This does not mean nothing is known about Indian history. There is a lot known. The Brahmanical and Buddhist traditions date back at least 2500 years. During this time an immense literature of religio-philosophical thought was produced. This includes the Vedas, Upanishads, Puranas, and Tantras, as well as large literatures surrounding the various forms of Buddhism. But because of the historical uncertainties, all of this floats in a historical vacuum, decontextualized, as it were, from the grounding in everyday life that knowledge of history provides.
The short of it is: we don’t know when the Yoga Sutras were collected in their present form. We don’t even know if Patanjali was a historical person. The details of the origins of the Yoga Sutras are uncertain. Nor is it clear if and how they were altered over the centuries. What we do know is that the extremely rich backdrop of Brahmanical and Buddhist thought provides the context of the Yoga Sutras and it is to be seen as part of these greater cultural movements. The methods in the Yoga Sutras are given in the context of a branch of Indian philosophy called Samkhya, attributed to the sage Kapila. This book focuses much on unfolding the meaning of Samkhya concepts like gunas, Prakriti, and so forth.
“We of the Occident are about to arrive at a crossroads that was reached by the thinkers of India some seven hundred years before Christ. This is the real reason why we become both vexed and stimulated, uneasy yet interested, when confronted with the concepts and images of Oriental wisdom. This crossing is one to which the people of all civilizations come in the typical course of the development of their capacity and requirement for religious experience, and India’s teachings force us to realize what its problems are. But we cannot take over the Indian solutions. We must enter the new period our own way and solve its questions for ourselves, because though truth, the radiance of reality, is universally one and the same, it is mirrored variously according to the mediums in which it is reflected.”
I take the position in this work that the West still does not fully appreciate the meaning of the concepts, and associated experiences, expounded in the Yoga Sutras. Even if we did understand in every aspect the secular history of the Yoga Sutras and related materials, we are still faced with the task of deciphering their meaning.
Commentaries on the Yoga Sutras
The Yoga Sutras are terse and cryptic. The sutra style is like the genetic code. Both can be thought of as extreme forms of information compression that, when decompressed, reveal the information in its fullness. In the case of the genetic code, this reveals an organism. For the Yoga Sutras, the decompression method used over the centuries is a variety of commentaries that explain the meaning of each aphorism and how they are sutured together to unfold the logic and methods of yoga.
An excellent introduction to Yoga Sutras commentaries by Edwin Bryant is found at the Internet Encyclopedia of Philosophy. The present work relies heavily on one particular commentary of the Yoga Sutras published in 1961 by I.K. Taimni called The Science of Yoga. Why this particular commentary is made clear below.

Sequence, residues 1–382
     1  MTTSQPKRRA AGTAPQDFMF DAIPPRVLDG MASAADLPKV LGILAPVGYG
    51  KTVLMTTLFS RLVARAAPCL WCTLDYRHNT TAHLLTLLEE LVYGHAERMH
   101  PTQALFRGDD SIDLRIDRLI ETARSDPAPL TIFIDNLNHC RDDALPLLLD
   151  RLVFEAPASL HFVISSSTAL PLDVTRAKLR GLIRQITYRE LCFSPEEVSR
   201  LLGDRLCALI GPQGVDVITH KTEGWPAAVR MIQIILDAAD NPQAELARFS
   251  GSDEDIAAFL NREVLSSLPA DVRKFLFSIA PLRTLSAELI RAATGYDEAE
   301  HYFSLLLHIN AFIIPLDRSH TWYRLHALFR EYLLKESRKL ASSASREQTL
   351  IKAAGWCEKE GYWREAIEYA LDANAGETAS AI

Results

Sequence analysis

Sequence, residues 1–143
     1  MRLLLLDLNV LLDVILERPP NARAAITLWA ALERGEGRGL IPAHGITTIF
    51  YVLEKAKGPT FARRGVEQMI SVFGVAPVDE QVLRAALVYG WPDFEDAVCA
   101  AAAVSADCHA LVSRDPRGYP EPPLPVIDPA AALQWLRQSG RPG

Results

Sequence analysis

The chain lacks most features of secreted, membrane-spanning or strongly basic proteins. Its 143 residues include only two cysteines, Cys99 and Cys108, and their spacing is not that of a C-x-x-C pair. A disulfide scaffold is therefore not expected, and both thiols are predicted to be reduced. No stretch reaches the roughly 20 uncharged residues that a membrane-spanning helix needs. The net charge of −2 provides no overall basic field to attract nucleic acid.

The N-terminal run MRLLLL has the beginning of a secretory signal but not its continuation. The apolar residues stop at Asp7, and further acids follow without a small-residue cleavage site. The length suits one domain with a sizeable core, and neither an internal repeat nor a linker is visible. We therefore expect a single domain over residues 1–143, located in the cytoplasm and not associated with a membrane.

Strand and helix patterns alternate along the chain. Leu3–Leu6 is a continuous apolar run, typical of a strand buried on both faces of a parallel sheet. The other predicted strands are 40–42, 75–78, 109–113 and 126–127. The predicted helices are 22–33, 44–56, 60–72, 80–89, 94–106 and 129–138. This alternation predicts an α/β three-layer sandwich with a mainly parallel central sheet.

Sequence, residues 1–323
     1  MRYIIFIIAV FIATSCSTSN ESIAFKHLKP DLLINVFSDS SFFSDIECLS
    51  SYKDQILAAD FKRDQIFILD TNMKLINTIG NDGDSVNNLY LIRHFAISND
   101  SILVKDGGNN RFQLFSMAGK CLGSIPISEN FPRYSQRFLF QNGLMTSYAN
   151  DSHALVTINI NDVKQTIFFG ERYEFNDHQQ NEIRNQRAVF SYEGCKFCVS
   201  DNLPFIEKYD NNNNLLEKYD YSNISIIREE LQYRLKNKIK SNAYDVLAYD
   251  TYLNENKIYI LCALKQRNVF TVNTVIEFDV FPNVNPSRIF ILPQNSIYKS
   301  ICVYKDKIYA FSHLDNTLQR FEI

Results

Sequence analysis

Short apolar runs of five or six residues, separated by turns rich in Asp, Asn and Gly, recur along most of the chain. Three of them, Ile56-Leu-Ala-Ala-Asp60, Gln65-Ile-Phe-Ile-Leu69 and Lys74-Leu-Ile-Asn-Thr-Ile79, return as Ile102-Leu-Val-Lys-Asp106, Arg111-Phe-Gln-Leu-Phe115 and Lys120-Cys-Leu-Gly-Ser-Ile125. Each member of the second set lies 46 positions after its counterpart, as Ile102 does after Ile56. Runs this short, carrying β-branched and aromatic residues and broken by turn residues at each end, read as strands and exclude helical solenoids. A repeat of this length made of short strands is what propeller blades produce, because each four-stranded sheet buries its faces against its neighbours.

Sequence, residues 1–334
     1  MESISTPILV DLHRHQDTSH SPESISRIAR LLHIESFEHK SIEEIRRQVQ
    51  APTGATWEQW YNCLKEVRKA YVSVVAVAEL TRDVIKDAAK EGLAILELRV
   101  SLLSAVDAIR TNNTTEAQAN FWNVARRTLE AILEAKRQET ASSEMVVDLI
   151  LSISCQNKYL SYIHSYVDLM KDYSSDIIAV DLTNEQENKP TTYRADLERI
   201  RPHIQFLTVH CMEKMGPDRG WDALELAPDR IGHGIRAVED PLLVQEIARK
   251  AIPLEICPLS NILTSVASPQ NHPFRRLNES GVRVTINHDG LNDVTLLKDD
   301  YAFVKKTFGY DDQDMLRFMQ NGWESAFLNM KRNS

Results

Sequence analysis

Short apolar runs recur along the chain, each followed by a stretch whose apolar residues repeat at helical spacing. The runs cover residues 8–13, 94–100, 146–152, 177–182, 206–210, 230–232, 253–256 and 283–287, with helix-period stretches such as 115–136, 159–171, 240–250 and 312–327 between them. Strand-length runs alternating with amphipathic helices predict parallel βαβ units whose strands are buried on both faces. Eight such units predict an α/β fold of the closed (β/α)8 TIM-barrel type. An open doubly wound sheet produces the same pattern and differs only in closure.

Academia and Yoga
When one looks presently at the intellectual landscape of academia, our hallowed (or hated, depending on one’s outlook) universities, one sees an obvious dichotomy.
On one hand, you have the sciences (physics, math, biology, cognitive sciences, etc.), where the practitioners are extremely specialized in very narrow fields of inquiry. Their extremely narrow focus causes their thinking to contain huge blind spots and holes. This, however, does not stop them from making pronouncements on topics they know little about, such as philosophy and religion. Perhaps the central feature that characterizes how they think is that they naively accept their ideas at face value. That is to say, these people actually believe the stuff they say amongst themselves. They are so ignorant of the history of thought in the world that they actually believe in “objectivity”, and they have, mostly unconsciously, made it their religion. This way of thinking has sunk to some real absurdities, giving rise to social phenomena like “global warming” (that was “global cooling” and is now morphing into “climate change”), or hostile attitudes between evolution and religion, and so on. Later in the book I will discuss scientism, the attempt to make scientific ideas into something akin to religion, which is a consequence of the intellectual naivety of the last generations of scientists. Elsewhere, I coined the term “philosophical pygmies” to characterize these people, and I will continue to refer to them as such throughout the present work.
On the other hand, you have non-scientific Humanities (i.e. history, philosophy, linguistics, religious studies, humanities, social sciences, etc.) where the practitioner’s take what I will call a “meta stance”, meaning that they seek to stand outside of or above (“meta”) what they are studying. This type of academic tends to be constantly skeptical, take positions that are always tentative, and never comes to any definite conclusions. This approach is laudable for exercising a necessary intellectual caution. On the other hand, if we are too cautious, we never accomplish anything. Studying their thinking reminds me of sliding around on an oily surface, or listening to a politician speak. These are the people who have given us “social relativity”, “multiculturalism”, “post-modernism” and similar viewpoints that have garnered so much love and affection amongst the population as a whole.